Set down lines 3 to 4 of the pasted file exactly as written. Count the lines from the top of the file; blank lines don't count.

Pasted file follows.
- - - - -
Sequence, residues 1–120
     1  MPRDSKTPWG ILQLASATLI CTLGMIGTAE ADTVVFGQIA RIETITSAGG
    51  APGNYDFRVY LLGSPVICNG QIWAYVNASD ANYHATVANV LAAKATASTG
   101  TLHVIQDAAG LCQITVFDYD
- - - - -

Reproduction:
    51  APGNYDFRVY LLGSPVICNG QIWAYVNASD ANYHATVANV LAAKATASTG
   101  TLHVIQDAAG LCQITVFDYD